facebook-pixel

You can trust Utah’s coronavirus death toll, state medical examiner says

(Al Hartmann | Tribune file photo) Erik Christensen, testifying in court in this 2015 file photo, says every death under his jurisdiction is being screened for coronavirus symptoms.

Editor’s note: The Salt Lake Tribune is providing readers free access to critical local stories about the coronavirus during this time of heightened concern. See more coverage here. To support journalism like this, please consider donating or become a subscriber.

Utah’s chief medical examiner says every death under his jurisdiction is being screened for coronavirus symptoms and every corpse brought to his office is receiving a post-mortem COVID-19 test.

Utah’s death toll stood at 13 on Thursday.

“I don’t have any reason to doubt that number,” Erik Christensen said in a telephone interview.

There have been questions elsewhere in the United States a about whether coronavirus deaths are being over- or undercounted. Testing for the coronavirus can still be scarce, and there is a fear some of the infected are dying without their symptoms being documented or that COVID-19 is assumed as the cause of death.

Christensen, whose office is part of the Utah Department of Health, said every death in which the coronavirus is the primary or contributory cause is being listed on the state’s official COVID-19 tally and on death certificates. The coronavirus can be a secondary cause in patients who had underlying problems.

"COVID probably exacerbated their underlying illness — cancer, heart or lung disease — and led to their death now as opposed to some other time,” Christensen said, giving examples.

(Rick Egan | The Salt Lake Tribune) Medical teams test patients at the drive-thru testing center at the Timpanogos Regional Medical Center in Orem, Tuesday April 7, 2020

For people who die before anyone can make a diagnosis, Christensen said, his death investigators have been told to ask whether the deceased had any coronavirus symptoms.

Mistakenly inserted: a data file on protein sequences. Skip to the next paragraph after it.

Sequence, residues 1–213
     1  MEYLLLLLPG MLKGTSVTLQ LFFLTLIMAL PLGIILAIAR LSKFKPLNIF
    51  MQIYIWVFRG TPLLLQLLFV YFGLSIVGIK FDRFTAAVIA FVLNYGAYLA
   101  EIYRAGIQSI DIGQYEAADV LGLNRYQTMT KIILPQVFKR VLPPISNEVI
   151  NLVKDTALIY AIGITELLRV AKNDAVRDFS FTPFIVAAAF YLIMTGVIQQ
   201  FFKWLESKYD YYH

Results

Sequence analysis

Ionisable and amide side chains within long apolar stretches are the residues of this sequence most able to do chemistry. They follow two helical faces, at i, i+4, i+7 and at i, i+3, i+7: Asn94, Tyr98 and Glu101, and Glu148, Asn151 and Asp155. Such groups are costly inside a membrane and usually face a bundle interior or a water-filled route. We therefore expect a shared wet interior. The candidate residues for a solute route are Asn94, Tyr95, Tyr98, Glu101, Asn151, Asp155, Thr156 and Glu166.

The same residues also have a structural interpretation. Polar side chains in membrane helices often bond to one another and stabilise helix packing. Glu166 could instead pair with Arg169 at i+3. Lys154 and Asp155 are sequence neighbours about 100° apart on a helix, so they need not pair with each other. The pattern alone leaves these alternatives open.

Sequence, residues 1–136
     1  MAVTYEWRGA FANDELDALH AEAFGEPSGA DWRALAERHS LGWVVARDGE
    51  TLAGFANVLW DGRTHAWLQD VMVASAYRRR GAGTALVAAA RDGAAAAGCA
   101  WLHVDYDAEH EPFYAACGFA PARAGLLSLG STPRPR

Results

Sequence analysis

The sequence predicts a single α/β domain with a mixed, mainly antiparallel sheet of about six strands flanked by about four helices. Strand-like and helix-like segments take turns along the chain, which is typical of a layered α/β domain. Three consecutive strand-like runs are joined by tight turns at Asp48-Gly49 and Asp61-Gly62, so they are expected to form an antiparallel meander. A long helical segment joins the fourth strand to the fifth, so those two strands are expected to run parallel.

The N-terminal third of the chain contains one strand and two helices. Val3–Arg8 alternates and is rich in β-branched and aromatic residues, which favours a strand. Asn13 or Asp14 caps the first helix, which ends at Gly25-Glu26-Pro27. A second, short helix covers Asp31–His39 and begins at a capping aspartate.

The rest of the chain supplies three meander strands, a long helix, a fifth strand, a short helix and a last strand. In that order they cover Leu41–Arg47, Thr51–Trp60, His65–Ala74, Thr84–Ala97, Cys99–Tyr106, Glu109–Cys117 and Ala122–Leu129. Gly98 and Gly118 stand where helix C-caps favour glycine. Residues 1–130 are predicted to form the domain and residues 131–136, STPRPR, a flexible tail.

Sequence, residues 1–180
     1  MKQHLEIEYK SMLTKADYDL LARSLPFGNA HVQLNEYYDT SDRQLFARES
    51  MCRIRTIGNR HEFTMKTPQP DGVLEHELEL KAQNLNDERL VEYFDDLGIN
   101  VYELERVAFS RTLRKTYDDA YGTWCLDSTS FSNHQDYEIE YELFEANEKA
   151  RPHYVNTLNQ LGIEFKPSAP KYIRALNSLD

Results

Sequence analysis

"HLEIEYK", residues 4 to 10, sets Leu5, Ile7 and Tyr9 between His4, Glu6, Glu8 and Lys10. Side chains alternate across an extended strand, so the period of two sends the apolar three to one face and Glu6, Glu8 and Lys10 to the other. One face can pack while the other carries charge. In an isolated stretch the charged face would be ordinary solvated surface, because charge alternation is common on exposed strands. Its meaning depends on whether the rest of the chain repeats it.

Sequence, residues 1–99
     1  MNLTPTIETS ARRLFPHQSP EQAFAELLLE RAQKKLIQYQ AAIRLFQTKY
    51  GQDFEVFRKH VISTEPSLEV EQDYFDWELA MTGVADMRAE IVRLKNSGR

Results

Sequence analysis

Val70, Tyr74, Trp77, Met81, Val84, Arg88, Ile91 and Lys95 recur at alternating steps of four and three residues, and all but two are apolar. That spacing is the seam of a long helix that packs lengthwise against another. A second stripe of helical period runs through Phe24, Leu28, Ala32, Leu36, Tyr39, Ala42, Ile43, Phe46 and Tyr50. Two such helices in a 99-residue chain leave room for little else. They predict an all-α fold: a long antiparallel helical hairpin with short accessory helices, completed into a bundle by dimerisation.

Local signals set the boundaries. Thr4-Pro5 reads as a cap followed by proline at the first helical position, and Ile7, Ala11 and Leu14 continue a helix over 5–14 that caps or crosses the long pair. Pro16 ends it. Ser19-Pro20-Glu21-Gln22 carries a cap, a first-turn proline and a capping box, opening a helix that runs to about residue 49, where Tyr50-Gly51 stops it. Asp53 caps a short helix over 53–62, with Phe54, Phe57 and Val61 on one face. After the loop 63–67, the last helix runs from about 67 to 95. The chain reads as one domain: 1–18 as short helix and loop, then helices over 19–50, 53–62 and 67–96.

“We are screening for symptoms at the death scene so we can do those examinations with appropriate [personal protective equipment] and in isolation,” Christensen said. “We have done about 30 or so cases this way thus far."

Lehi Rodriguez, one of the owners of Serenity Funeral Home, said his mortuary recently implemented a new protocol. When his staffers pick up a body from a hospice or another location, they ask whether the deceased showed symptoms of COVID-19. If yes, Rodriguez said, they notify the medical examiner, who decides how to proceed.

“We’re just trying to take every precaution," Rodriguez said, “and be as responsible as we can to protect the community.”

As of this week, all bodies that come into the medical examiner’s office are receiving COVID-19 tests, Christensen said, even if the people died in a car crash or from something else that had nothing to do with the coronavirus. No positive results have come from examinations done at the medical examiner’s office thus far.

Those test results have been added to the state’s official counts. As of Thursday, there had been 38,373 tests in Utah for the coronavirus with 1,976 positives.

People who are diagnosed with the coronavirus before death are not being brought to the examiner’s office for an autopsy, Christensen said. He and the pathologists who work for him typically do not autopsy people who die from known natural causes, he explained, and doing so for coronavirus patients might risk exposing his staffers to the virus.

While Christensen said he is unaware of any transmissions during autopsies, his staffers have been handling any suspected coronavirus cases in an isolated part of their facility in Taylorsville. They have been deferring autopsy procedures that might generate airborne droplets, he said, until they receive results of the post-mortem coronavirus tests.

Christensen said the Department of Health has created redundancies to ensure no COVID-19 deaths escape attention. One of those redundancies is at the Office of Vital Records and Statistics.

Anytime an attending physician submits a death certificate mentioning COVID-19 or the coronavirus, Christensen said, a computer creates an alert to notify the medical examiner’s office.

Return to Story